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Photographic gallery.  Thousands of particles under the microscope.
Alpha-Chrysotile and Chrysotile

Chrysotile Asbestos

There are several bundles of fibers in the center of this field of view. The "z" direction of the compensator plate is perpendicular to the long axis of most of the fiber bundles. Alpha-Chrysotile turns blue because the high refractive index is perpendicular to the length of the fiber and so aligns with the high refractive index direction, "z", of the compensator. The typical Chrysotile turns yellow because the high refractive index is parallel to the long axis of the fiber and the long axis is perpendicular to the high refractive index, "z" direction, of the compensator plate. These fibers are mounted in a 1.650 refractive index oil so there is better edge definition (relief) than if the fibers were mounted in an oil that matched the refractive index of the Chrysotile.

Transmitted Crossed Linear Polarized Light with a Red Plate Compensator


Chrysotile asbestos is the fibrous form of the mineral lizardite of the serpentine group of minerals. Its chemical formula is Mg3[Si2O5](OH)4 with some Fe2+ substituting for Mg. The amount of iron substitution affects the refractive indices and the birefringence. This is the most common form of asbestos used commercially, comprising about 93% of all the asbestos mined. It is also the least hazardous of the asbestos minerals. It is the most flexible of the asbestos minerals and is the one typically used in making asbestos cloth and asbestos paper.

Significance in the Environment:

Serpentine is a very common metamorphic mineral. Most mountain ranges contain significant deposits of serpentine. The sands along streams and rivers flowing through these formations often contain chrysotile asbestos sand grains and fibers. Chrysotile asbestos in homes, offices, and schools is generally from asbestos containing construction materials but natural sources can’t be ruled out. Very high exposures have been measured in homes where “free” sand from local mountain stream or river beaches has been used in driveways and sandboxes. See “asbestos sands” in this gallery for an example.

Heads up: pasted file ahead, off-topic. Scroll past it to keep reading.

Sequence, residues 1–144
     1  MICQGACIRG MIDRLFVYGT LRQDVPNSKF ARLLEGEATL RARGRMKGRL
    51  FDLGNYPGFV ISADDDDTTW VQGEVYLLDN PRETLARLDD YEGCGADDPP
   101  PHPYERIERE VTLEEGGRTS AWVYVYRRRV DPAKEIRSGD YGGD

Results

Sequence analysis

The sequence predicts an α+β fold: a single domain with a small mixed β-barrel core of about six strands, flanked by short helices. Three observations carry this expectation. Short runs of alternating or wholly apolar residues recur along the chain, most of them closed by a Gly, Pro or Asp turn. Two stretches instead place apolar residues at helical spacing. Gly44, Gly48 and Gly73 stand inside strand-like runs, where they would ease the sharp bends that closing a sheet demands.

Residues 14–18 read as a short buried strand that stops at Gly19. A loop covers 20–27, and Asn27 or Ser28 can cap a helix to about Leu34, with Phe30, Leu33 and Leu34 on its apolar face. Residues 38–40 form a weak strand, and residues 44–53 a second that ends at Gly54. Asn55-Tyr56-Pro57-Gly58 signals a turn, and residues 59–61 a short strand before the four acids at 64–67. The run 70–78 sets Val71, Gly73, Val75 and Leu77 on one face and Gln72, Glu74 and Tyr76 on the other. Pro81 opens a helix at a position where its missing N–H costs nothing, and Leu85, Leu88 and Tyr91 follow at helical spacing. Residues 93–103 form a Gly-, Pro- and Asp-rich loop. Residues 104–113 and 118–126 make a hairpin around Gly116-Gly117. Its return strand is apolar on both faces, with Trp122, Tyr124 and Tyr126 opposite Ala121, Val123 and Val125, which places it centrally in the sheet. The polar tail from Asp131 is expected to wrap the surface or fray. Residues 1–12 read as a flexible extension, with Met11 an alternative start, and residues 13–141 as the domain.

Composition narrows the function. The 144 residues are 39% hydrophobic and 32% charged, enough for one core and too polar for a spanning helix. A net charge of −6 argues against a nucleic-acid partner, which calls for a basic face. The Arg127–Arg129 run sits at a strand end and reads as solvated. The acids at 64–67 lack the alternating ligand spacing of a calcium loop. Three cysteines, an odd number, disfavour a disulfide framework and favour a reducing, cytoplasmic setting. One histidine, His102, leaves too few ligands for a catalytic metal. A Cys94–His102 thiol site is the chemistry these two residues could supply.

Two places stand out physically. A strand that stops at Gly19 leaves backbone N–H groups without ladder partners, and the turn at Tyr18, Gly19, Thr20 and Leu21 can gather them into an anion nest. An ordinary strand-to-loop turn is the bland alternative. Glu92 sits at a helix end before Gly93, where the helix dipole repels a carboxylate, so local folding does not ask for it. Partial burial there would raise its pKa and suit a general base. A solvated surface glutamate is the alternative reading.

Characteristic Features:

Chrysotile has the lowest refractive indices of the six legally defined asbestos minerals. The refractive index along the length of the fiber ranges from 1.545 to 1.558. The refractive index across the fiber ranges from 1.532 to 1.552. Low iron content and missing OH groups drives the refractive index lower. High iron and restructuring following the removal of nearly all of the OH groups increases the refractive index. When thermally modified the refractive indices may go as high as 1.57 and though still a fiber, it looses its x-ray diffraction pattern as chrysotile but has not yet become forsterite. In this form it seems to become even more hazardous than chrysotile. This is the material created on older high temperature thermocouple leads, oven gaskets, and break drums. This form is easily identified using light microscopy but will not show up in an analysis based on x-ray or electron diffraction.

On rare occasions parachrysotile is found with chrysotile. Parachrysotile has a negative sign of elongation, the low refractive index is oriented along the length of the fiber.

Associated Particles:

Commercial materials that contain chrysotile asbestos are often associated with plaster (gypsum, CaSO4-2H2O) and calcite (CaCO3) in textured ceilings and joint compounds, tar in roofing and mastics, paper fiber in sheet material, vinyl and calcite in floor tile, and cement in ceramic board and shingle products. Raw chrysotile is often associated with non- fibrous serpentines and magnetite inclusion.


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